"The recession is behind us, and there is finally some recovery going on," said Freddy Van den Spiegel, chief economist and director of public affairs at BNP Paribas Fortis and FCIB Europe Economic Advisor. Indeed, the passing of the worst of the economic storms affecting the European Union is one of the few topics on which the multinational bloc comes close to having a consensus opinion. Left for analysis and assessment now is what's next. Is there going to be growth, stability, stagnation or the potential for another dip?
Berry Van Hoof, group credit manager for Europe at Allnex Belgium SA, believes most countries are showing stability or some improvement as seen in the payment and solvency behaviors of Allnex s customers. "The companies that were in a weak financial position at the beginning of the crisis, those companies collapsed or are still struggling to get enough cash to survive. But, importantly, what I do not see is a massive group of new customers getting into trouble," he said.
David Vermylen, global credit manager of petrochemicals with BP Chemicals Limited, sees increased stability as well, but not much in the way of growth, a situation he doesn't find particularly positive or comforting. "Two years ago, stable would have been good news, but we're not really finding enough of an uptick in growth again," said Vermylen, who is also vice chairperson of FCIB's European Advisory Council. "We're coming to grips that Europe has not been investing enough in R&D. It's starting to show up in statistics."
Michael Andreasen, ICCE, corporate working capital process manager at TNT Express, said whether a time of growth or stability, things have moved into a more favorable direction than previous years, but an ongoing problem in his, as well as Van Hoof's, estimation is the level of uncertainty still within the zone. From the volatility of Italy's ability to rebound as one of the EU's biggest economies to the obstacles in the path of new EU-wide laws or international partnerships to a lack of uniformity between the member states, clarity remains a fast-moving target when looking at the 28-country bloc.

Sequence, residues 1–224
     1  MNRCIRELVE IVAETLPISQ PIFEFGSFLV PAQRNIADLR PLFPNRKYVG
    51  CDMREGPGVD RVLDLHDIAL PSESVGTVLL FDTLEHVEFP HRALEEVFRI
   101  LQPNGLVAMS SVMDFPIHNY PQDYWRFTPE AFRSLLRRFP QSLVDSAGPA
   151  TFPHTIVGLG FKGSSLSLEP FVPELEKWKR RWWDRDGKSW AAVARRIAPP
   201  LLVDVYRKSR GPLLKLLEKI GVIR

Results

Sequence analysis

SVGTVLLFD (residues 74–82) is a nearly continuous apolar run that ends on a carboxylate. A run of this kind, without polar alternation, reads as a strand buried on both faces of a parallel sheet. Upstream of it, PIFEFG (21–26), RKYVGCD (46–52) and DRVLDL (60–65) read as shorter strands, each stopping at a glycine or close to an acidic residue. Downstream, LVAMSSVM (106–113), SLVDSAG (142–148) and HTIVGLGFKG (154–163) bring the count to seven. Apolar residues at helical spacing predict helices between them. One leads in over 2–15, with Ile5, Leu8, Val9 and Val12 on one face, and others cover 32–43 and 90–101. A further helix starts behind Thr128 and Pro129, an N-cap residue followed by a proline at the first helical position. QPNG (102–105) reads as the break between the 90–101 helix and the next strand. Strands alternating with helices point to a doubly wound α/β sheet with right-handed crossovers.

"I think there should be a more uniform approach to the economy in Europe," Van Hoof said. It appears, if nothing else, the EU is trying.
Parliament and Commission Addressing Insolvency, Payment
The European Parliament voted early this year to support a tentative European Commission plan to change insolvency laws, which would shift to allow for business restructuring and recovery during financial troubles instead of the current system where liquidation is the usual outcome. The new, EU-wide mandate, if agreed upon, would be more akin to the US Chapter 11 process. Key provisions of the new laws would include extending the rules that cover rescue proceedings, creating an EU-wide insolvency registry, reducing the opening of multiple insolvency proceedings against one company and clarifying the rules for dealing with the insolvency of groups of companies. European Commission Vice President and EU Justice Commissioner Viviane Reding noted that "the first option for viable businesses should be to stay afloat rather than liquidating."
Thomas Voller, attorney with the Germany-based Voller Rechtsanwalte, is among those optimistic about the prospects. He also believes the insolvency changes could be on the books within a couple of years once a finalized proposal clears the EU Council and is worked into each member states existing laws. He also believes concerns on the latter are exaggerated. "Unification of the rules has worked in Europe before, and it will work again," Voller said. "The countries normally do take these rules. For instance, we have unified money laundering rules in this space. It just takes time."
Either way, Voller argued the insolvency reform would be positive for businesses and creditors alike, because a new insolvency system could help eliminate todays common problem of unnecessarily liquidating businesses that could realistically rebound. …